Knowledge sharing for Joint Chiefs of Staff

Currently at the KM Australia 2017 conference at which I’m presenting tomorrow on knowledge management and innovation. Some interesting talks so far and I’ve already found myself sharing one of my notes from the Association for Information & Image Management (AIIM) 2013 Conference held down in New Orleans, so am late-posting here as they’re still interesting and relevant from a great speaker. I’ll follow-up with posts from similarly interesting KM Australia shortly –

AIIM Conference 2013 (20-22 March 2013) – Knowledge Sharing for the Best Military Staff on the Planet

AIIM Conference 2013 (New Orleans, 20-22 March 2013)
Thursday, Mar 21 – 10:00 AM

DESCRIPTION: Knowledge-sharing in the best military staff on the planet – Engaging the people who support the 18th chairman of the Joint Chiefs of Staff
As the United States emerges from a decade of war, our military’s challenge remains managing information in an organization founded during World War II. Many of its older records are still germane and still classified. Immensely complex and varied missions around the world, combined with a work force that is always on the move, exponential data growth and emerging cyber threats, have shattered old information management norms. As the Joint Staff grapples with social and mobile, we are doing more than muddling forward, but it isn’t always pretty. Learn how this unique information management story has unfolded from a member of the Joint Staff.
Learning objectives:

1. Collaborating across functional lines in a highly regulated, formal organization—at the seam of records and IT;
2. Engaging time-challenged knowledge workers who turnover at a rate of 33% a year; helping them provide historically consistent, academically rigorous advice, draft policy and correspondence to executive leadership and
3. Balancing the Open Government Initiative, FOIA and legal discovery with the need to protect sensitive information.


Knowledge Sharing in the Best Military Staff on the Planet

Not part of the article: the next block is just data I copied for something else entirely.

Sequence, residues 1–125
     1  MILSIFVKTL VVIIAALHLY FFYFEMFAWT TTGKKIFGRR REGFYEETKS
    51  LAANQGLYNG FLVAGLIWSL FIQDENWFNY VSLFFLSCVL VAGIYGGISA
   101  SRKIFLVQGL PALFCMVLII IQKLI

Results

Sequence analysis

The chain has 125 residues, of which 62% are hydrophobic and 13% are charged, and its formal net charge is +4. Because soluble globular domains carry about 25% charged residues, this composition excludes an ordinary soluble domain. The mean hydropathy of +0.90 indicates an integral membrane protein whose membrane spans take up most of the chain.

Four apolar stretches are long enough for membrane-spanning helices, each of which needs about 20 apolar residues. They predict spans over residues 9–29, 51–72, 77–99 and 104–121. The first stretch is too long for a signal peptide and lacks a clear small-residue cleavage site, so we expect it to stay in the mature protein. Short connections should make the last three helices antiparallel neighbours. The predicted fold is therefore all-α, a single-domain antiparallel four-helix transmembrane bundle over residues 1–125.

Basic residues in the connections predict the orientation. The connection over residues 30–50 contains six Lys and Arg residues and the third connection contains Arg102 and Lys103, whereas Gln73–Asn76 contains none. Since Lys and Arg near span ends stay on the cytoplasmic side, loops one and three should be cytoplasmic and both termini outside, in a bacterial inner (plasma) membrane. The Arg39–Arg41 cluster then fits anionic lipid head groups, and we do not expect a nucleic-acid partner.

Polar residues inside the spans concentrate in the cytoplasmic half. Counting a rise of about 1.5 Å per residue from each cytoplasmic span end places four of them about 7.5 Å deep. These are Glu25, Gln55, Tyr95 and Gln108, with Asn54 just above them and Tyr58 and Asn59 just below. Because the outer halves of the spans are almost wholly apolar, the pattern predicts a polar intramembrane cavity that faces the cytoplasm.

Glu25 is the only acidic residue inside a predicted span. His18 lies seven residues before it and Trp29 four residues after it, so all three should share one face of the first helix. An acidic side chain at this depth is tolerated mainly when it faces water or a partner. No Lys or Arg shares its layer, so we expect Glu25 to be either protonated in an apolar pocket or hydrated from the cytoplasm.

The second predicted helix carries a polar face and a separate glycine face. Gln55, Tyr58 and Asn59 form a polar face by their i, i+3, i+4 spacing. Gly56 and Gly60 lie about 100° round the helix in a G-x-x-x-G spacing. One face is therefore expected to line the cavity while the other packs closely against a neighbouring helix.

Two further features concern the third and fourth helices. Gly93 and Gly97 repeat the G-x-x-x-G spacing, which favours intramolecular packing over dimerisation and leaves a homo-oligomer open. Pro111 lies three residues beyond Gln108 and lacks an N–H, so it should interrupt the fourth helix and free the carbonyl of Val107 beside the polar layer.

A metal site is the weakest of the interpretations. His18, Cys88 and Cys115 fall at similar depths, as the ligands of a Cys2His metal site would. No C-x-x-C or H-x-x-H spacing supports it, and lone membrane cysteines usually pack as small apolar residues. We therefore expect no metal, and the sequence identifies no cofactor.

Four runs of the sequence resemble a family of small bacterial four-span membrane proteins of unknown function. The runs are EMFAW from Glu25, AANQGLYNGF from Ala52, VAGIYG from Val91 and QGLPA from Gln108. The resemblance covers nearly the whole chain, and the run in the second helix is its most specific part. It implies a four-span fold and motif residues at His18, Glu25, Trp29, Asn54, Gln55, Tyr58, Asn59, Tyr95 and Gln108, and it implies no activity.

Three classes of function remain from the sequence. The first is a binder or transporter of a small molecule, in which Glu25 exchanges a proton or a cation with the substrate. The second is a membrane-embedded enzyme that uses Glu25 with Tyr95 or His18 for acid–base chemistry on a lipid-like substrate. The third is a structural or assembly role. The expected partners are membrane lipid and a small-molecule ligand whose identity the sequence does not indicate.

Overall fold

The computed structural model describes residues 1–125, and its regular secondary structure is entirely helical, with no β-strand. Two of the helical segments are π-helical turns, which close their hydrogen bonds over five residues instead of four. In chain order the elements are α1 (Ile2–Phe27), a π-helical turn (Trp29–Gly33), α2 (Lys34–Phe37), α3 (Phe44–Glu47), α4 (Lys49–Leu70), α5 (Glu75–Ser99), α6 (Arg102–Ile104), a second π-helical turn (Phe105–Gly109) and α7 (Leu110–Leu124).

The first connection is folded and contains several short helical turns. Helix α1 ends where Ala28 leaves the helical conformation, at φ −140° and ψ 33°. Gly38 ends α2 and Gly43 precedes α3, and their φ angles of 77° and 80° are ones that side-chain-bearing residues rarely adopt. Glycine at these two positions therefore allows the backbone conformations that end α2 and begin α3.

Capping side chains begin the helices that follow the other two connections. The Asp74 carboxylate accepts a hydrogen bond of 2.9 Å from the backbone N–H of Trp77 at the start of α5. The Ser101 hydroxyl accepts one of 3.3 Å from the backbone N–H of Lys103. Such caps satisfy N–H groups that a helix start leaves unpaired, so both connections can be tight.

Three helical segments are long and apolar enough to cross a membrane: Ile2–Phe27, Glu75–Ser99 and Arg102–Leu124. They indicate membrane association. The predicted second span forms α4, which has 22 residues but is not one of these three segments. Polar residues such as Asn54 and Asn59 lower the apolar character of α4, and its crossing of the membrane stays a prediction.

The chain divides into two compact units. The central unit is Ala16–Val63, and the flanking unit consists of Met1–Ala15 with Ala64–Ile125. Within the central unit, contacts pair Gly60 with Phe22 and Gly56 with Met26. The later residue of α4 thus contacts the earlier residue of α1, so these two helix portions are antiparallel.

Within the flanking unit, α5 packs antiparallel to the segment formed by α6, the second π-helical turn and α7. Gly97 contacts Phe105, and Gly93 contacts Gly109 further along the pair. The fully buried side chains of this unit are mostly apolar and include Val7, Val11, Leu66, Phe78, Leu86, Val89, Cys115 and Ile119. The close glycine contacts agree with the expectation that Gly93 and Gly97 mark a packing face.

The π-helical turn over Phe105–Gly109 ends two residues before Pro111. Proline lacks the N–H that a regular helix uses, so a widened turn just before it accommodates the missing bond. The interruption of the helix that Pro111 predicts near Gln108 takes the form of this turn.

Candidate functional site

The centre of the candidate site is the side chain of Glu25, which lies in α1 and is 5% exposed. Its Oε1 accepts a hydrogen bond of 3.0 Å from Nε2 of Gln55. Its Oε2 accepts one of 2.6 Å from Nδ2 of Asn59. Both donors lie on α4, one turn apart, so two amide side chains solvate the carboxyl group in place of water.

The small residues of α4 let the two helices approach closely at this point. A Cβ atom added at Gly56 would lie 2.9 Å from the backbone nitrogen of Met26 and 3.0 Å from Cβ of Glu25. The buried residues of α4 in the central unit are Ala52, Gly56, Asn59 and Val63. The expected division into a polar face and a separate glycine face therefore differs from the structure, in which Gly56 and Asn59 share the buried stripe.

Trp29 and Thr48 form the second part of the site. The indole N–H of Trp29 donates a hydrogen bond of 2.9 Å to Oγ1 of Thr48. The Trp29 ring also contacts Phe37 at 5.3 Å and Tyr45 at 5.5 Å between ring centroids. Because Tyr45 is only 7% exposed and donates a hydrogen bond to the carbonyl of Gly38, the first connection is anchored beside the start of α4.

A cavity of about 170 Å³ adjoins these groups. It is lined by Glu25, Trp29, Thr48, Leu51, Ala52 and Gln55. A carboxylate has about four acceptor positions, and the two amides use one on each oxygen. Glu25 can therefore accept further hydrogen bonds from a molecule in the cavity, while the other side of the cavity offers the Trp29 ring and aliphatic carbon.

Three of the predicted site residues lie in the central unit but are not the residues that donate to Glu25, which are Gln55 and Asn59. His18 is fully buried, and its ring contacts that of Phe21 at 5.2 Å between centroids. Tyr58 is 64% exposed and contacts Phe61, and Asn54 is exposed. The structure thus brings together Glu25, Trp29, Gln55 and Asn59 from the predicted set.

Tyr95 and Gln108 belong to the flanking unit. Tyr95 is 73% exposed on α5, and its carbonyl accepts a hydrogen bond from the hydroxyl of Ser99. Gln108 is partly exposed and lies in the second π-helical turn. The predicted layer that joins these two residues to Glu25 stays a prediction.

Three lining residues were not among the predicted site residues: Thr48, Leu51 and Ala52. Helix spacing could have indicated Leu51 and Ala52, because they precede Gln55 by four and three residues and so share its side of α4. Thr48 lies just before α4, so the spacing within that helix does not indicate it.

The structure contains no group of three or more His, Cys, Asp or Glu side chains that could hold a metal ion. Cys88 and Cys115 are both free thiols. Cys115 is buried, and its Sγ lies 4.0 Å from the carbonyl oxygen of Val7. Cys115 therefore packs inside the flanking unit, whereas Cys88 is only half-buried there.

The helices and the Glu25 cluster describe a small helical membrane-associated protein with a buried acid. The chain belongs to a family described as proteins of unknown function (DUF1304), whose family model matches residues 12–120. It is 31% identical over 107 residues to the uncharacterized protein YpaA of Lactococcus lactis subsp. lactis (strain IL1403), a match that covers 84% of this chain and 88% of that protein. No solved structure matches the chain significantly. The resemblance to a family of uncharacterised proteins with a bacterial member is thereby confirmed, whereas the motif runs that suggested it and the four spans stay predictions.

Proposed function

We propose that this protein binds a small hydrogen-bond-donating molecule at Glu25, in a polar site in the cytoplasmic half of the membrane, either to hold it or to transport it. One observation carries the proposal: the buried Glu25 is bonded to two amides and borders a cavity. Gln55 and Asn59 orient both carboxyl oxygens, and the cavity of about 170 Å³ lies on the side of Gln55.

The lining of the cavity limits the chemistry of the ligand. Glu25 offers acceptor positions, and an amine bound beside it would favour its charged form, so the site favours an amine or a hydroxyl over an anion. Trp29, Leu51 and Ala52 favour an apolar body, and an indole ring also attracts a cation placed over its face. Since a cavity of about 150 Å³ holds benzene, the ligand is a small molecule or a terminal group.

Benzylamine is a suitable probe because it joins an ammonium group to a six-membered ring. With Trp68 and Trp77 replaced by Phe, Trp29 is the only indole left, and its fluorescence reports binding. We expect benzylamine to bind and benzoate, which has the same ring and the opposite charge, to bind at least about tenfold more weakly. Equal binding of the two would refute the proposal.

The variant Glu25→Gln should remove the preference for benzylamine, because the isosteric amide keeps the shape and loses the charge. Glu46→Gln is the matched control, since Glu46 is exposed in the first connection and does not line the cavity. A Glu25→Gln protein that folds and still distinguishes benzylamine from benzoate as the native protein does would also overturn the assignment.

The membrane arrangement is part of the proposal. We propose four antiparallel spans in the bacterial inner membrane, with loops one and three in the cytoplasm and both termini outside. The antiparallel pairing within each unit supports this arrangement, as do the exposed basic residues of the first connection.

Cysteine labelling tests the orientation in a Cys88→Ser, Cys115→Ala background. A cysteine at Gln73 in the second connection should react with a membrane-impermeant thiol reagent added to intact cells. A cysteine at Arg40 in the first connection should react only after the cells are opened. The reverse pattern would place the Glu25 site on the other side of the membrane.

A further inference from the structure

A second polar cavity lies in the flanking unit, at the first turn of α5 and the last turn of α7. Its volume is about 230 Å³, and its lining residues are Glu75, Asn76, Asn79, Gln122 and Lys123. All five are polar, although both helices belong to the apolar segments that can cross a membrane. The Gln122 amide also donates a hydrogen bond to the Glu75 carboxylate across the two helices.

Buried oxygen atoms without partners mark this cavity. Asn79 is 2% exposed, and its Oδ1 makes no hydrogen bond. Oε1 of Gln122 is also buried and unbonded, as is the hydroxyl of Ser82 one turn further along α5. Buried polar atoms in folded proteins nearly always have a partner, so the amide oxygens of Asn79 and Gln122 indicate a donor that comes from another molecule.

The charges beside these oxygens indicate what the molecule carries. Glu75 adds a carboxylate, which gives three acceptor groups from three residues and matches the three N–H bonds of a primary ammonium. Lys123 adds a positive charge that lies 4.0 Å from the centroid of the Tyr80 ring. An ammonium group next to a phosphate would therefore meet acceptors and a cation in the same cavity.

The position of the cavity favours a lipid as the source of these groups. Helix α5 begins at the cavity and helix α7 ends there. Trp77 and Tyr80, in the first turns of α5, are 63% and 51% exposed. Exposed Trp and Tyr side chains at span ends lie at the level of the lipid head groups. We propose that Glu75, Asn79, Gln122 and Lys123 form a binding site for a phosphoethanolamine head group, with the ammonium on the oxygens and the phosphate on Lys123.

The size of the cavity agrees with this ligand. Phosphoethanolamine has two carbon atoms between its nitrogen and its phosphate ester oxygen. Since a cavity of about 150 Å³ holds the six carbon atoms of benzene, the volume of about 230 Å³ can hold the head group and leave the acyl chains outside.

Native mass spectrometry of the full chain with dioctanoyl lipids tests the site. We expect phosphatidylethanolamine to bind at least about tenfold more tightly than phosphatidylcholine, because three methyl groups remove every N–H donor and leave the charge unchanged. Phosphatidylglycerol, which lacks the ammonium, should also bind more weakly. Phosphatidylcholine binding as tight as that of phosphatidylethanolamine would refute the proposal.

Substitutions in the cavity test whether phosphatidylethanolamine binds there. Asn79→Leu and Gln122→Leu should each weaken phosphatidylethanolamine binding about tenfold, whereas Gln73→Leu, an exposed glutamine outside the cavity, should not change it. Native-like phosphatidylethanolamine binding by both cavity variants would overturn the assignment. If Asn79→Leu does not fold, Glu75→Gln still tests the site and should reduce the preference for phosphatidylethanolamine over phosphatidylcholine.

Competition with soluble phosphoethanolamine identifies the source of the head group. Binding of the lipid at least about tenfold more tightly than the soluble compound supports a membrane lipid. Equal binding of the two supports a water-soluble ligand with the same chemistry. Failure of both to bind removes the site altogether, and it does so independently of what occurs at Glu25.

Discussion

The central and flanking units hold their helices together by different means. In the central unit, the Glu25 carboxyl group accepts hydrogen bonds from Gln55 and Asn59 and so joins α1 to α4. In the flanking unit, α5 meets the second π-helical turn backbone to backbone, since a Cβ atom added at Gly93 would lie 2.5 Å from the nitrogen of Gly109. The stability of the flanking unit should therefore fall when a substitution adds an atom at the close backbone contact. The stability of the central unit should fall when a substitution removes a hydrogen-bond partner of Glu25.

Mark Patrick
Leads the US Joint Staff’s Corporate Memory Management Team

Mark’s team assists the Chairman of the Joint Chiefs of Staff ( The Chairman (most senior military officer by law) is principal military advisor to – The President, The Secretary of Defense, The National Security Council, The Homeland Security Council. The Joint Staff are located at the Pentagon and other locations.
* The Joint Staff have 3731 staff as at March 2013, 36% military, 28% civil servants, 36% contractors
* The nine combatant commands – ‘administrative oversight’ includes records management.
* 261 detailees from other organisations and 42 international detailees.
* When you think of that clash of cultures, and distinct ways of thinking about things organisationally, and sub-cultures (sub-mariners, etc.) it’s an interesting staffing environment to work in, CEOs are unique. The organisation is now on its 18th CEO, Martin Dempsey, and has traditions that make it a classical industrial age organisation.
* Napoleonic staff structure broken up by number codes – 1. ???? 2. ???? 3. Logistics 4. Plans & Policy 5. IT
* When they Mark’s team is asked for information everything has to be connected, and where necessary needs to refer to history
Their Theatre of Operations is the sea, space, sky, cyberspace all around the globe, they divide it up and have created regional commanders – Central Command, Pacific Command, Northern Command, Southern Command, African Command. All of which have staff, records officers, and a few that have specialities that aren’t geographic (Transportation Command etc) with their own staff.
Their customers – everyone (primarily American citizens). Their key internal customers are Action Officers, someone working on a decision product that is being put together to help a decision maker – their team works primarily with Action Officers on a day-to-day basis.

* Role primarily coordinating knowledge-sharing with very high stakes. What does collaboration even mean? At one point in his role Mark found himself wondering ‘if this is the best military staff on the planet, and his team works through school training for this purpose and end up in the major league working with the best peers, then why aren’t we there yet?’